Fairfield County High Point Trip Report

Date: January 27, 2002
Author: Dan Case

I followed roughly the same route as in my previous trip report, with the exception of getting off I-84 at NY 312 rather than NY 311. This doesn't seem to make much of a difference unless you really want to get on NY 22 faster. I also failed to make the proper turn onto Mizzen Top Road (Dutchess County 66) and almost went into CT the wrong way.

Nothing has changed at the Dannenbergs' property on the NY side of the state line other than some more "No Hunting/No Trespassing" signs posted by the owners of the CT property. I parked at the fork in the driveways and was easily able to walk out to the crest to the area I had identified as the HP on my previous visit. I still think it's on the state line (but see below).

To find this marker that Mike Schwartz and others have reported, and which some feel is the true HP, I struck out into the woods roughly trying to follow the state line. The stone wall and tape markings disappeared pretty quickly. Fortunately, the recent warm weather here meant the patches of snow remaining were not a problem (I did this in sneakers). After the requisite hundred yards or so, and no sign of the monument (granted, a small gray stone column is a little hard to spot under the current circumstances), I turned back because I was positive I had reached high ground as the ground to the north was definitely dipping.

On the way back down, though, I crossed the path others had mentioned, which I had previously discarded as not worth my time as it went in the wrong direction. Looking down it, I caught sight of the marker. It's not quite as high as the markers used elsewhere along the NY/CT state line (every road crossing, just about), but it's definitely of the same type and it's right next to the path, so my directions to future HPers here would be: bushwhack from the driveway to the path then walk downhill. I guess it has to be on the state line. I simply can't argue that point but I'm not entirely sure it's the highest spot in Fairfield County. If my earlier-visited point is indeed on the state line, it's higher. The question, though, is: Is it?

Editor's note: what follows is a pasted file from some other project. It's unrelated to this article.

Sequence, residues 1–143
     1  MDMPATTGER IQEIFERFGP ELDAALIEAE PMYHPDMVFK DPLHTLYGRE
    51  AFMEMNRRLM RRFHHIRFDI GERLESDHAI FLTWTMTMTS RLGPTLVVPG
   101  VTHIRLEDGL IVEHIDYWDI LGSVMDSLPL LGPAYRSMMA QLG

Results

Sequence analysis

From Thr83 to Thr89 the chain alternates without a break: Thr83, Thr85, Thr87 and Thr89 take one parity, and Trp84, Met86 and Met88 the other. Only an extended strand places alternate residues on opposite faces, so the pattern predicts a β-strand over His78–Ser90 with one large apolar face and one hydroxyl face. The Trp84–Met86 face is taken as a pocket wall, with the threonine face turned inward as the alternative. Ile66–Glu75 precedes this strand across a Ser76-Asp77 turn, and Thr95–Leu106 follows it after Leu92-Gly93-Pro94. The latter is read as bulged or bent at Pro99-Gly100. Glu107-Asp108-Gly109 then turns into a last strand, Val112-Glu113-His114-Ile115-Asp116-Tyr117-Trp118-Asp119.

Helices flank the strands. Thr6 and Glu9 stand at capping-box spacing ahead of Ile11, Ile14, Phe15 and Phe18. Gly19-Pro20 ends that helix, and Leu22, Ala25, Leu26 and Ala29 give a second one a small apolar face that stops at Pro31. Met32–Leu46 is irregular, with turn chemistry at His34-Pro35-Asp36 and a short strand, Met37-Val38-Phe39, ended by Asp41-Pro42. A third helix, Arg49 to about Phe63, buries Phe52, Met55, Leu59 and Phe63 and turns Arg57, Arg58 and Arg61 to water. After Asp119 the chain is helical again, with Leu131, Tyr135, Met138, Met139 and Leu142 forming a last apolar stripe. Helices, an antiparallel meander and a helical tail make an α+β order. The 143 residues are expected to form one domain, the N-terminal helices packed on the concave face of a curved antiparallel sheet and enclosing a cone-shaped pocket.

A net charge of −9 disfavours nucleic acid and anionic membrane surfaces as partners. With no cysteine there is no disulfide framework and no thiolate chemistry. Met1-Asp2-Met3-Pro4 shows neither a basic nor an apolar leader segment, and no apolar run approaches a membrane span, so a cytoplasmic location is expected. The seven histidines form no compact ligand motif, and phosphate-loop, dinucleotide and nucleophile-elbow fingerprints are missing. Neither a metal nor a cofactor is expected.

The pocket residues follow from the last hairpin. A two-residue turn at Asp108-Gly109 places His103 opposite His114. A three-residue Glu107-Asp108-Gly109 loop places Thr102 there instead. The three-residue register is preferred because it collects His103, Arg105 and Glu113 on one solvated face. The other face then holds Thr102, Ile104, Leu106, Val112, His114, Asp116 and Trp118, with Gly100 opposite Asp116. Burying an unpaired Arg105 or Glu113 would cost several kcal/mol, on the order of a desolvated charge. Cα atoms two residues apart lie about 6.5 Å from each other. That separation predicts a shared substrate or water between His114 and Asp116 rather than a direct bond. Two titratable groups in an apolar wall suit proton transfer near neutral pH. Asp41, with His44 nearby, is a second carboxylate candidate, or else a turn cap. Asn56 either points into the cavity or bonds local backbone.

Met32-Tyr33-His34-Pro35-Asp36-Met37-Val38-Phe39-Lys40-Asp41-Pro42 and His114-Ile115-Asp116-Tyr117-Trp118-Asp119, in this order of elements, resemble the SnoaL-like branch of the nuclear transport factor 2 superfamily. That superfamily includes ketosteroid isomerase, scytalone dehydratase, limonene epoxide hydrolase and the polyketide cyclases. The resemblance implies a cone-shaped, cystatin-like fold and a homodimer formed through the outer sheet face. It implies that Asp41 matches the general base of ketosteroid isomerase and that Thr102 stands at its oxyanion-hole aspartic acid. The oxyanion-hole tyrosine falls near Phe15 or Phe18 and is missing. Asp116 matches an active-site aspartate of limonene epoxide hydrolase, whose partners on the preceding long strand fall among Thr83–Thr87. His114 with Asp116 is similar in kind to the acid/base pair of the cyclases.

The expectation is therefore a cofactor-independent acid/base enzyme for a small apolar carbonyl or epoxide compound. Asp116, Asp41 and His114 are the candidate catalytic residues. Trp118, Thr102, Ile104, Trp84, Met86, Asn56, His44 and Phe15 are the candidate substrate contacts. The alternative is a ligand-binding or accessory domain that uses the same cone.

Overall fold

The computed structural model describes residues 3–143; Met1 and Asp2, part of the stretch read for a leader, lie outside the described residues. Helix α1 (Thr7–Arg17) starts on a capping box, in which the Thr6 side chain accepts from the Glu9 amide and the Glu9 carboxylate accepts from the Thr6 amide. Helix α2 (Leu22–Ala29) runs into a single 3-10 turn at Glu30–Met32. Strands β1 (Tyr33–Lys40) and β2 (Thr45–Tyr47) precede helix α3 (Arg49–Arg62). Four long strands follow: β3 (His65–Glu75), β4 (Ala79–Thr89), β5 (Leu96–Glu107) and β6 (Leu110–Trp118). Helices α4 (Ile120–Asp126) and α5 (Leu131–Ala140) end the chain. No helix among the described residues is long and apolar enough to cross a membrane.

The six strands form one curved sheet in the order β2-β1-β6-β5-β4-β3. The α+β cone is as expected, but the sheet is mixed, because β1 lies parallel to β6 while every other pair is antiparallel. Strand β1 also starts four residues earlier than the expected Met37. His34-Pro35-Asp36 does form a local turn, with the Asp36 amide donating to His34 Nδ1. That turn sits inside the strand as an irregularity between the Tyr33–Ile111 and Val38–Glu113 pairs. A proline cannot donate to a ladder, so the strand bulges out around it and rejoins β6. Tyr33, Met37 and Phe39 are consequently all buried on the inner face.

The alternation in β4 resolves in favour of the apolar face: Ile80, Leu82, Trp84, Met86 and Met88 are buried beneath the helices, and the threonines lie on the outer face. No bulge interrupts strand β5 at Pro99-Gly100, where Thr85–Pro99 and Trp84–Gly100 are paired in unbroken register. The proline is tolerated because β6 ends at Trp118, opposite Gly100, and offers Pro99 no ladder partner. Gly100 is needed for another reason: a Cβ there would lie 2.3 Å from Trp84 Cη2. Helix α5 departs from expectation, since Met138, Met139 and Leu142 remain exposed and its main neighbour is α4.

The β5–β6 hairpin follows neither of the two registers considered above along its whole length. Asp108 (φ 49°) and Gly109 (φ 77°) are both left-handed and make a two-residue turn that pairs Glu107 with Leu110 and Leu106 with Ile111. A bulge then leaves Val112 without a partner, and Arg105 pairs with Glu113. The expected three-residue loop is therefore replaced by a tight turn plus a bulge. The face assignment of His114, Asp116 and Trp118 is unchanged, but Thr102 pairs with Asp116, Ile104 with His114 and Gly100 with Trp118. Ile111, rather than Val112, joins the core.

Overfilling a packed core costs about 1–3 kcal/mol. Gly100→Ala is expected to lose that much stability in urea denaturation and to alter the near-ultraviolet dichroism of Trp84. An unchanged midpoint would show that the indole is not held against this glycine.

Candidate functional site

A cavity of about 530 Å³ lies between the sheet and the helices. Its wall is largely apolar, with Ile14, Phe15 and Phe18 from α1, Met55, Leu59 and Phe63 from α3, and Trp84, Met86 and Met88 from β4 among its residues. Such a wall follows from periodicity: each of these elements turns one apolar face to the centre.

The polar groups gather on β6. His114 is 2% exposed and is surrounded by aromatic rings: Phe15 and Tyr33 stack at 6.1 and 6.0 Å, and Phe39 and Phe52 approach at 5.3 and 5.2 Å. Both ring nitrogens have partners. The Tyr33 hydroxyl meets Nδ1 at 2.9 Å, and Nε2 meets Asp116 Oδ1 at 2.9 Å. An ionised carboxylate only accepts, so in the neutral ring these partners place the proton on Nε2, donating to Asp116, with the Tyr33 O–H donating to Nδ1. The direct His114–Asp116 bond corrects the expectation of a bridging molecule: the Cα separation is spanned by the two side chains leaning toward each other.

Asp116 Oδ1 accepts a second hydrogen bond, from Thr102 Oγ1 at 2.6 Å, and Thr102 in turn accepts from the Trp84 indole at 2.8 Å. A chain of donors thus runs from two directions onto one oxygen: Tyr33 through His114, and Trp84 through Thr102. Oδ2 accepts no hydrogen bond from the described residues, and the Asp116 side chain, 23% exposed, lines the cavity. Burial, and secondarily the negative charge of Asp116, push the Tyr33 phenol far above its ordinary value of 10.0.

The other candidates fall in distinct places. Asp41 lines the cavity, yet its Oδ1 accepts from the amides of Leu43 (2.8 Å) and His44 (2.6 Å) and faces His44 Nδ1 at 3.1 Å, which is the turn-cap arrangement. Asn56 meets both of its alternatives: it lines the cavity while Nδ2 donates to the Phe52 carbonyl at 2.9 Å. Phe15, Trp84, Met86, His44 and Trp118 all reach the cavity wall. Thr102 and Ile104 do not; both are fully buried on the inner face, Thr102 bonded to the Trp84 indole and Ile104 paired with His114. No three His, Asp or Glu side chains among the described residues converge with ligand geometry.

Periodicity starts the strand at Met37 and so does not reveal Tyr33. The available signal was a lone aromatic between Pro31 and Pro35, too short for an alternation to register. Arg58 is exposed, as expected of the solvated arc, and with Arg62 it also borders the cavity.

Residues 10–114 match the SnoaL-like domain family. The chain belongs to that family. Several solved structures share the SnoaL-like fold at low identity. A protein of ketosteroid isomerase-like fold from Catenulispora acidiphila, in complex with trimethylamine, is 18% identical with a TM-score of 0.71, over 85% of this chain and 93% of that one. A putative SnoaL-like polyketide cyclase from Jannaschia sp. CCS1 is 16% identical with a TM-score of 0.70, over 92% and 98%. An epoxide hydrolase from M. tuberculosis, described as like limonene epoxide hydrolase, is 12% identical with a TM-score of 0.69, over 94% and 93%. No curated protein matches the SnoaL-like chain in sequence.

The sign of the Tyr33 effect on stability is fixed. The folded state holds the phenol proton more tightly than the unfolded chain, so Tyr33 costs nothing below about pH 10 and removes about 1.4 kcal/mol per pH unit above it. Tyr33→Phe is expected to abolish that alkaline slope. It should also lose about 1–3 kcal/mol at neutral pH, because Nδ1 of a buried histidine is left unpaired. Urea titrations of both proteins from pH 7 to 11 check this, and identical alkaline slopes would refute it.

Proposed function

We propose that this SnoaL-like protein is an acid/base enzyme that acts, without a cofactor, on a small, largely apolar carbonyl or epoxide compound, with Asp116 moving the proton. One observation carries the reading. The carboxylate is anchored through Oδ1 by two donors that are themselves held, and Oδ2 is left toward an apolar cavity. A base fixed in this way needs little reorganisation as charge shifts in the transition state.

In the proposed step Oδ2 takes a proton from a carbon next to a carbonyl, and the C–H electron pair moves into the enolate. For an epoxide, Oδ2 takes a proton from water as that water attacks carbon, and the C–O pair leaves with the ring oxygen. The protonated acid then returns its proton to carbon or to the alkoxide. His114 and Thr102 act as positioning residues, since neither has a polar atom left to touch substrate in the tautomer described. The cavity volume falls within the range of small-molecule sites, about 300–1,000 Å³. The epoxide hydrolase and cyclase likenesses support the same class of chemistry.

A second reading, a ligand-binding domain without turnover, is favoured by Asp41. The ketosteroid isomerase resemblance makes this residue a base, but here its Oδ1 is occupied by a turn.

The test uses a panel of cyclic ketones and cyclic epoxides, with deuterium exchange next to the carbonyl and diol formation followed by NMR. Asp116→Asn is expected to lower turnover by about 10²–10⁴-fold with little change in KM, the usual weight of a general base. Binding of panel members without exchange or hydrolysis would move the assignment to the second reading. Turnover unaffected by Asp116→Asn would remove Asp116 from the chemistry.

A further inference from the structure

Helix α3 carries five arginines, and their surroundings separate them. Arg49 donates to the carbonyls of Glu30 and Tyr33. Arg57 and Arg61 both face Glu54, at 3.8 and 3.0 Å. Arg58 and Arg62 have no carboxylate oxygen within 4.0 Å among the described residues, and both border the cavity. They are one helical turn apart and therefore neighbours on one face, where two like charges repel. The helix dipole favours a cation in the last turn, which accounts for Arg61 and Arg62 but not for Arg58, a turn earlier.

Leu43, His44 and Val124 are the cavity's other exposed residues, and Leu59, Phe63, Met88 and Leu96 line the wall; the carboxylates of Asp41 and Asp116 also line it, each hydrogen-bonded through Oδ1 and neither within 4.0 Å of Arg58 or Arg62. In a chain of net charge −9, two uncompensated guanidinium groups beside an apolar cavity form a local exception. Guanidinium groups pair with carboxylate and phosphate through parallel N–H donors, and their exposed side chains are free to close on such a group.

According to the description of the border in the New York State Law, it runs just slightly east of due north in this area ("thence south 3° 31' 33" west 21,140 feet to a monument (No. 55) at the northerly end of a rocky hill about a mile south of the northeast corner of the town of Pawling, New York, in latitude 41° 36' 10.894" and longitude 73° 31' 24.972"; thence south 41° 24' 52" west 10,785 feet to a monument (No. 59) in a field east of a right angle in the road from Quaker Hill to Sherman in latitude 41° 34' 24.659" and longitude 73° 31' 35.893"; thence south 73° 52' 52" west 10,520 feet to a monument (No. 64) on a ledge falling southwest to a brook in the southwestern part of the town of Sherman in latitude 41° 32' 40.963" and longitude 73° 31' 45.257" ") so the trend seems about right.

Also, I seem to recall when I looked at the tax maps in Poughkeepsie to find out who owned the property, that the map showed that some of the property on the CT side (a wedge of less than an acre) overlapped into NY so it's possible that the property line may, indeed, not be the state line. (If this is so, then a corner of the neighbor's driveway is in NY, as well as some of their yard.)

Of course, there's also a couple of little spots near the monument that may be inches higher, and I did the best Lobdellizing I could, but I now feel I've satisfied every definition for the Fairfield HP.